As March 8th is International Women’s Day, I’d like to give a shout out to Josephine Herrick (1897 – 1972), a professional photographer who combined photography and volunteerism to help the neediest Americans. Inspired by the Red Cross and the USO, she set up a nonprofit during WWII and peace did not end her labor of love. For over 75 years, the organization has cultivated partnerships with military, medical and educational institutions, photographers and camera manufacturers, in a heroic community effort to make social change. In the attached photo from the 1950s, note the pride shown by the Syracuse volunteers (Josephine Herrick stands to our left). In honor of our founder, I am happy to announce the establishment of JOSEPHINE HERRICK DAY on March 30th. Each year, JHP will promote a photography and social justice project selected by people in the field. This year’s judges are Popular Photography and American Photo editor Miriam Leuchter, and photographers Nina Berman and Deborah Willis.
In honor of JOSEPHINE HERRICK DAY and the 75th Anniversary of JHProject, we proudly announce the Josephine Herrick Photography Award. One photographer each year will be selected as winner by demonstrating with images and an artist statement their combination of photography and social justice.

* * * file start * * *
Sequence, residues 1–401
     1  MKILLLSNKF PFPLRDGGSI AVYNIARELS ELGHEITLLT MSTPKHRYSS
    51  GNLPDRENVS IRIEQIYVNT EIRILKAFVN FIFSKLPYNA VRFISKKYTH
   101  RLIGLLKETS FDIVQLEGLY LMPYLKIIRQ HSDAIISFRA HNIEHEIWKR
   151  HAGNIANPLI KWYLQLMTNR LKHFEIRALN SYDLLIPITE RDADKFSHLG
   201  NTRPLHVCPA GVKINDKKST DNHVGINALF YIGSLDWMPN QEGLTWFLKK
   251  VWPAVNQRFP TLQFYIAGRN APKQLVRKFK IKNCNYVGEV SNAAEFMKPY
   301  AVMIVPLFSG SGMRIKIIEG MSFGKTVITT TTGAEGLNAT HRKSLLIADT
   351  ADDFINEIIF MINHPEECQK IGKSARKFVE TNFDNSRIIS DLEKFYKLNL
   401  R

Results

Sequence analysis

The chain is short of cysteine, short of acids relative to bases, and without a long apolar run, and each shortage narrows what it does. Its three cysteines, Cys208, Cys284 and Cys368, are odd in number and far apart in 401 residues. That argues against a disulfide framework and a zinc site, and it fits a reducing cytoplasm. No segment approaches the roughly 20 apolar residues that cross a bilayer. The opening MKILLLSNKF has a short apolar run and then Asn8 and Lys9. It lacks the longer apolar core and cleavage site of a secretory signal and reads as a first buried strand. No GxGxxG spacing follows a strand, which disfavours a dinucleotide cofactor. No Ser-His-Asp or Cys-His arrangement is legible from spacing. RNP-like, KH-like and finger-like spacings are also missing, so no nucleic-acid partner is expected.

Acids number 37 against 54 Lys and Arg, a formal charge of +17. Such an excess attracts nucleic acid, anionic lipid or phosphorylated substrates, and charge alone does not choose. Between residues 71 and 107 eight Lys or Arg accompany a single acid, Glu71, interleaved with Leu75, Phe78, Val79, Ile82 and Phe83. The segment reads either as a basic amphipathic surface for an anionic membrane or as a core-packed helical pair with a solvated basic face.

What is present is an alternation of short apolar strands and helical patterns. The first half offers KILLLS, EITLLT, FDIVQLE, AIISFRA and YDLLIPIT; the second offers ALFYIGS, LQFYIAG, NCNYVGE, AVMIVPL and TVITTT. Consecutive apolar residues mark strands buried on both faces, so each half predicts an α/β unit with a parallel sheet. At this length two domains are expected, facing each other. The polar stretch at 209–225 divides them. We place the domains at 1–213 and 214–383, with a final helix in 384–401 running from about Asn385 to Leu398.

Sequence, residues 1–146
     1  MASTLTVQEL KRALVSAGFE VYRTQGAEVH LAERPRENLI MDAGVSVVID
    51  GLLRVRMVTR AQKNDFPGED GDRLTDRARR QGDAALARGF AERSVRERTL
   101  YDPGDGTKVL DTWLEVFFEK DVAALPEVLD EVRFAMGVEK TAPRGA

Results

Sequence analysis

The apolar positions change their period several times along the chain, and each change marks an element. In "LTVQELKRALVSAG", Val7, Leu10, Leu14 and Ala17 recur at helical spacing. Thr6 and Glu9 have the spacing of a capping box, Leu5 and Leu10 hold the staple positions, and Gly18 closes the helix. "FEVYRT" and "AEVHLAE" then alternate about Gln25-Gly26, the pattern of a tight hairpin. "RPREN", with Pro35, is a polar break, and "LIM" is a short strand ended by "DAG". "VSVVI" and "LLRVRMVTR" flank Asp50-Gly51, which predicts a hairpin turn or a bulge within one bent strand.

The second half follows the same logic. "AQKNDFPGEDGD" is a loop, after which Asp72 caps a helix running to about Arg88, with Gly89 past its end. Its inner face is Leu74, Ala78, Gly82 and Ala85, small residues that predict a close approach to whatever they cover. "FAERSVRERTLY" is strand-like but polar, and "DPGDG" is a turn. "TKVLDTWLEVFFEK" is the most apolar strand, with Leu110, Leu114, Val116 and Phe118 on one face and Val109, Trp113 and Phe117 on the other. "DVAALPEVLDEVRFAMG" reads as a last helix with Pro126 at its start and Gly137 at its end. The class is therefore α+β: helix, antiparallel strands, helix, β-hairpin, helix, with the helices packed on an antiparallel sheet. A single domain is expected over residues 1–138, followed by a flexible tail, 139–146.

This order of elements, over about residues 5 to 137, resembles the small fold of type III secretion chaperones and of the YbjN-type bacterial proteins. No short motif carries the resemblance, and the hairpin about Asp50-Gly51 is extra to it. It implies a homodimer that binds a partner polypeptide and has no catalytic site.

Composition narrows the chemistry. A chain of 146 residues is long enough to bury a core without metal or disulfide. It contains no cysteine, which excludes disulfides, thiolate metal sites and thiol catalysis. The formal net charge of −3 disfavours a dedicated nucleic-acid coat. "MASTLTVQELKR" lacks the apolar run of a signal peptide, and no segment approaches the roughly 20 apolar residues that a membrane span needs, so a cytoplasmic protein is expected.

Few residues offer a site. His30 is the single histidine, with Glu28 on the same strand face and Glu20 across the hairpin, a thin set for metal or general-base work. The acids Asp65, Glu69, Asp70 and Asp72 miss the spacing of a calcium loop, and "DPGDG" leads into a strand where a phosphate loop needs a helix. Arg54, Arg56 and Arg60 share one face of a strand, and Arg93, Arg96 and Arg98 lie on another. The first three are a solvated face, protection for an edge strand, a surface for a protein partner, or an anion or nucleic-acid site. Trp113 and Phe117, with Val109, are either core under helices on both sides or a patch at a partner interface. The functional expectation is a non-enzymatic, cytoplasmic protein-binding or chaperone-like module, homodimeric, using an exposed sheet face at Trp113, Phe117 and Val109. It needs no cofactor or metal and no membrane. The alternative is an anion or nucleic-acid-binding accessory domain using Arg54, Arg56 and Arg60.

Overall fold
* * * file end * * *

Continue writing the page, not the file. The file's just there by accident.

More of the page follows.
Josephine Herrick Project is a 75-year old arts organization that offers photography programs to diverse communities throughout New York.
About Josephine Herrick:
Josephine Herrick (1897 – 1972) became passionate about photography as a youth when she discovered that darkroom work soothed an eye ailment. After college she studied at the Clarence H. White School of photography in New York City and through the 1920s and 30s Herrick ran a portrait studio on East 63rd street, photographing debutantes and children. With the bombing of Pearl Harbor, Herrick organized 35 photographers at the NYC canteens to take portraits of young men going to war. These portraits were sent to the men’s families with a hand-written note in an effort to keep families connected. Soon wounded soldiers were filling the VA Hospitals and Dr. Howard Rusk, father of rehabilitation medicine, invited Herrick to provide in house photography programs. This was the beginning of the nonprofit we now know as Josephine Herrick Project. Since then, the organization has enhanced the lives of over 100,000 Americans impacted by poverty and disability through the art of photography.
Deadline: March 15, 2016
Qualifications: We are looking for compelling photographs that embody the ideas of public service and social justice as defined by the photographer.
Submission Guidelines: Photographers are asked to submit 1) a resume or bio 2) up to five photos and 3) a one paragraph artist statement that represent their passion for combining photography and social justice.
How to Submit: Photos and artist statement should be submitted through WeTransfer.com to email@example.com. Maximum submission size is 2.0 GB.
Judging Process: Judges will review submissions anonymously and only the submitted photographs and artist statement will be considered in choosing a winner.